I should write some instructions for installing metal fenders for those of you who have never done this, or who think it's difficult. But first some observations on the new VO fenders:
- I'm pleased to report that all the hardware fits and works perfectly.
- There are even little marks on the stays to help you center them.
- Installing VO fenders is almost exactly like installing Honjo fenders.
- 8mm and 10mm open end wrenches
- Alan wrench set
- Drill with a 5mm bit (and sometimes a 3mm).
- Hacksaw or big wire cutter for cutting stays
- Tape measure
- A file and sharp punch or nail are also nice to have.
Attach the stays to the fenders using draw bolts. I like the bolts about 15cm from the aft end of the fenders, but the exact distance is not critical. Some model fenders come with one draw bolt per fender, others with two. Our Honjo extra long models are pre-drilled for the bolts. On other models, mark the location of the bolts and make an indent with a punch or sharp nail. Drill a 5mm hole for each bolt.
Thread the stay into the draw bolt and secure the bolts to the fender with a washer and locknut. If using two bolts per fender you'll need to flex the fender and stay to insert both bolts at once.
Installing the front fender:
If your bike has a fender boss under the fork crown, as VO frames have, simply drill a matching hole in the fender and secure it to the crown with a 5mm bolt and washer. But be sure to use a leather washer between the crown and fender. The leather washer absorbs vibrations and cushions the fender, helping to prevent cracking at the bolt hole.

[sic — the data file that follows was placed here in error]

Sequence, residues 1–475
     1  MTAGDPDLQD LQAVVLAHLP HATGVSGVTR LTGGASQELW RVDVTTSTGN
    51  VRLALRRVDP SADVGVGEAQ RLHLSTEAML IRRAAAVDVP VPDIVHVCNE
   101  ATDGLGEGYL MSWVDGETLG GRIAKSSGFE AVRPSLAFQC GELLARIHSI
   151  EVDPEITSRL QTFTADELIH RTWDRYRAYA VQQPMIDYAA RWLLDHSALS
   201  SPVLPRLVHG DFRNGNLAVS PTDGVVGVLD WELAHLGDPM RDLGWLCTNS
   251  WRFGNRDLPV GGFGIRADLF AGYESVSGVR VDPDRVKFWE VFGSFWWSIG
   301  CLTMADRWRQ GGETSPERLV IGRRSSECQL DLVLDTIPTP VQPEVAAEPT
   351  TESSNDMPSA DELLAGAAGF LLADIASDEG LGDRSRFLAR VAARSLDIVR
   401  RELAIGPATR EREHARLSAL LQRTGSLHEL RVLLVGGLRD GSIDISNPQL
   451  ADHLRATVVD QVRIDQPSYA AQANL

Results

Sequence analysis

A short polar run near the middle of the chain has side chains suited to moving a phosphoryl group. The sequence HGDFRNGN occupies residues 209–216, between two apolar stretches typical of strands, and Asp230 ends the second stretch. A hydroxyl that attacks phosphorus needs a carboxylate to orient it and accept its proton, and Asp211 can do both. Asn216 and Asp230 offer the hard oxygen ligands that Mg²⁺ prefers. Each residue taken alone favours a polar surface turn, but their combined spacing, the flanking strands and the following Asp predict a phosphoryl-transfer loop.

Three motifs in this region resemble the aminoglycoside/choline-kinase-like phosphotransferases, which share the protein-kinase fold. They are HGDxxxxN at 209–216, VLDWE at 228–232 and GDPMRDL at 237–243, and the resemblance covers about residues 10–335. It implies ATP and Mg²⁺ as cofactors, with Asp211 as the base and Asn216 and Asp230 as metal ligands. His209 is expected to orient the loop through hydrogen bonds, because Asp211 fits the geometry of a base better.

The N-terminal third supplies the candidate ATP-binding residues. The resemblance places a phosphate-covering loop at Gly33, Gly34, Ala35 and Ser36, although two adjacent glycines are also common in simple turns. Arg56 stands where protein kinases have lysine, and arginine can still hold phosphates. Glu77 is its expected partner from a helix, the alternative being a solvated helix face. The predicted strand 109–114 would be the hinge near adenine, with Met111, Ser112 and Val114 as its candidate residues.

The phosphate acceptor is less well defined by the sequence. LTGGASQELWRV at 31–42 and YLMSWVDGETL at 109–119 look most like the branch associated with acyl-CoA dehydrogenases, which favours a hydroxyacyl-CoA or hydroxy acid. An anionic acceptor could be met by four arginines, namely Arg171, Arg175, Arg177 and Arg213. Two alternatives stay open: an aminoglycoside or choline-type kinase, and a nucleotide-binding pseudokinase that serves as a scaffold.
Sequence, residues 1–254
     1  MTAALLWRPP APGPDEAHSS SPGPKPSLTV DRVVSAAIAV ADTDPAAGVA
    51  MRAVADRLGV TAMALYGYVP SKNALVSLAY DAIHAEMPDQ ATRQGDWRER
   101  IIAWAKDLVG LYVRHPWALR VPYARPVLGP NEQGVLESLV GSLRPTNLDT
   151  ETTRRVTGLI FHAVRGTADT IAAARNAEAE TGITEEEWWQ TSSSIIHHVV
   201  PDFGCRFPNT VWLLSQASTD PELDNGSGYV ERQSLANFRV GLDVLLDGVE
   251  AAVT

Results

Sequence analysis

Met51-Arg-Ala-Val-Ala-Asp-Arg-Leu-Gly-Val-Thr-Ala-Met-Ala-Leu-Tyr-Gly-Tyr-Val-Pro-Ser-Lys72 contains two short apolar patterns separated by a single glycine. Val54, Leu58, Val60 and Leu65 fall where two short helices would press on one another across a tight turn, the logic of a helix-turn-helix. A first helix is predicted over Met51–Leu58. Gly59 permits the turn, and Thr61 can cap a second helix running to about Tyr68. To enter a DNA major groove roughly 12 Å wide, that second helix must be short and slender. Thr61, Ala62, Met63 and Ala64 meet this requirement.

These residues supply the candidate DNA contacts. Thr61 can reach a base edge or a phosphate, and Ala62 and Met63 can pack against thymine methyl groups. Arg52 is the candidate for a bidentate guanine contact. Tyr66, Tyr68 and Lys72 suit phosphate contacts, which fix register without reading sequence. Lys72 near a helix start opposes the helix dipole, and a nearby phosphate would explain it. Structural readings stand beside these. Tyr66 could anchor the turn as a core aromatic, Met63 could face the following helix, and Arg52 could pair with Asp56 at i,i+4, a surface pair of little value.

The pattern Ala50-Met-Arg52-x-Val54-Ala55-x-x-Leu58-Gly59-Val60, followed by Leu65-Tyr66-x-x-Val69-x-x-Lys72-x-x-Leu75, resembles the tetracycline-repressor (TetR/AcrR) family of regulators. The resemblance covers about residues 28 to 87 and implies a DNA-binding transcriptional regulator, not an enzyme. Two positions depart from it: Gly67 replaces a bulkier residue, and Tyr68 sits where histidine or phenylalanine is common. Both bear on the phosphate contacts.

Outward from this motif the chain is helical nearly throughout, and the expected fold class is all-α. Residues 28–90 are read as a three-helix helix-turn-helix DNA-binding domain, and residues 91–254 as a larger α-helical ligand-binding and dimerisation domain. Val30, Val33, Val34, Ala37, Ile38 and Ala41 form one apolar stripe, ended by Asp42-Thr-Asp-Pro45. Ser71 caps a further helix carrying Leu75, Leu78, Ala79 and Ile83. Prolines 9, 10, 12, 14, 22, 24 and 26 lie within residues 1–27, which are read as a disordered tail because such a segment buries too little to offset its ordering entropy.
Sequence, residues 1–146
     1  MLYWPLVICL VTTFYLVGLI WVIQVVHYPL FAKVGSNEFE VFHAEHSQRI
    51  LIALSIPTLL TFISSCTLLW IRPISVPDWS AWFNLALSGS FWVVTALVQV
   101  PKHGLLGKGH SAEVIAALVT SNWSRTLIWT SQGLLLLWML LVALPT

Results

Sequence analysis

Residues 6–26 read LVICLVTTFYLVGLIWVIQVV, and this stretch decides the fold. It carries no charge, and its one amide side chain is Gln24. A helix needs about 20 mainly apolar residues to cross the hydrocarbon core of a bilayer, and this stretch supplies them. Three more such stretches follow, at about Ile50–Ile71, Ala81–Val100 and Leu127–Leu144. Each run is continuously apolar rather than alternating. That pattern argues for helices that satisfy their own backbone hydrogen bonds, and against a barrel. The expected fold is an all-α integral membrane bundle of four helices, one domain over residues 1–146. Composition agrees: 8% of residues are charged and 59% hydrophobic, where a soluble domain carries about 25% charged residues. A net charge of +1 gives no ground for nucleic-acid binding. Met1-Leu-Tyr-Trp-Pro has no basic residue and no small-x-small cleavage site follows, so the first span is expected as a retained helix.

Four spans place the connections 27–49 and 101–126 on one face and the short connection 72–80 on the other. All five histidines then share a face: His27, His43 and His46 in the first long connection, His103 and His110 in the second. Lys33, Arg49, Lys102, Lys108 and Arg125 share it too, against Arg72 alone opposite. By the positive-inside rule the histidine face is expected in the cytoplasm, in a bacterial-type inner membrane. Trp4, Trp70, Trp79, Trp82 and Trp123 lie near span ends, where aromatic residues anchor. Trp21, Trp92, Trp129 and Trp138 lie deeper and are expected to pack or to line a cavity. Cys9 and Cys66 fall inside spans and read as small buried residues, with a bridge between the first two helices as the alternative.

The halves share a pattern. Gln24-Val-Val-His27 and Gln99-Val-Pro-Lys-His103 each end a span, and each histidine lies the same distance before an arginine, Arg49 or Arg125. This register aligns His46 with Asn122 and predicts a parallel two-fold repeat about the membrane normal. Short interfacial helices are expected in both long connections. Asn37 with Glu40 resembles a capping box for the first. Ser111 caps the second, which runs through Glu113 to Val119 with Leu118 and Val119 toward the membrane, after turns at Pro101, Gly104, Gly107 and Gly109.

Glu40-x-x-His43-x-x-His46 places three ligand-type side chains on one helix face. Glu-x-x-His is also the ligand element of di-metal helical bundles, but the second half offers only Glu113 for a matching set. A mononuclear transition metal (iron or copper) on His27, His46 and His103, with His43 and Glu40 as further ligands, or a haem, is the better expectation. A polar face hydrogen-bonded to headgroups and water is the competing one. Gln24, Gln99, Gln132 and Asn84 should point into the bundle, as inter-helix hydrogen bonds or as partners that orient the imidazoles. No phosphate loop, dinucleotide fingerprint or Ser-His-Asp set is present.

If using a VO or Honjo L-bracket, drill two 3mm holes and mount the bracket as shown in the photo. Secure it to the brake bolt.
If using a fork crown daruma, hang the daruma from the brake bolt and drill a matching 5mm hole in the fender. Again, the extra long Honjos are pre-drilled. Secure the fender with a flat washer and nut, but only after adding a leather washer between the crown and fender.
Place the R-clips on the stays and screw them to the eyelets on your front dropout with 5mm screws. Hint: removing the quick release skewer makes it easier. Adjust the stays for a perfect fender line. You'll notice that the stays are too long; mark and cut them to length with a hacksaw or wire cutter. File or sand down the ends so they aren't sharp.
Installing the rear fender:
Ideally the front edge of the rear fender should extend a few centimeters below the chainstay bridge. On a VO or other well-designed frame there will be bosses at the brake bridge and the chainstay bridge and plenty of room for the fender. All you'll need to do in that case is drill matching holes and screw the fender into place. Again, don't forget the leather washers.
On many production frames things are a bit more difficult. You may even have to bend or trim (with tin snips) the front of the rear fender to make it fit between the chainstays then bolt it into place through the hole in the chainstay bridge. But don't do this yet; first install the sliding bridge bracket. The VO version is made of mallable metal that you fold over the fender; the Honjo sliding bridge bracket slides on over the fender from the end.
Bolt the bridge to the brake bridge and slide the fender forward to the desired location. Now drill the hole to bolt it to the chainstay bridge. Remember the leather washer. Pinch each side of the sliding bridge bracket with pliers to lock the fender in place and so it doesn't rattle
Finally attach and trim the stays to the dropout eyelets as you did on the front fender. Check that all the screws, nuts, and bolts are tight, (don't forget to reinstall those quick release skewers) and go for a ride.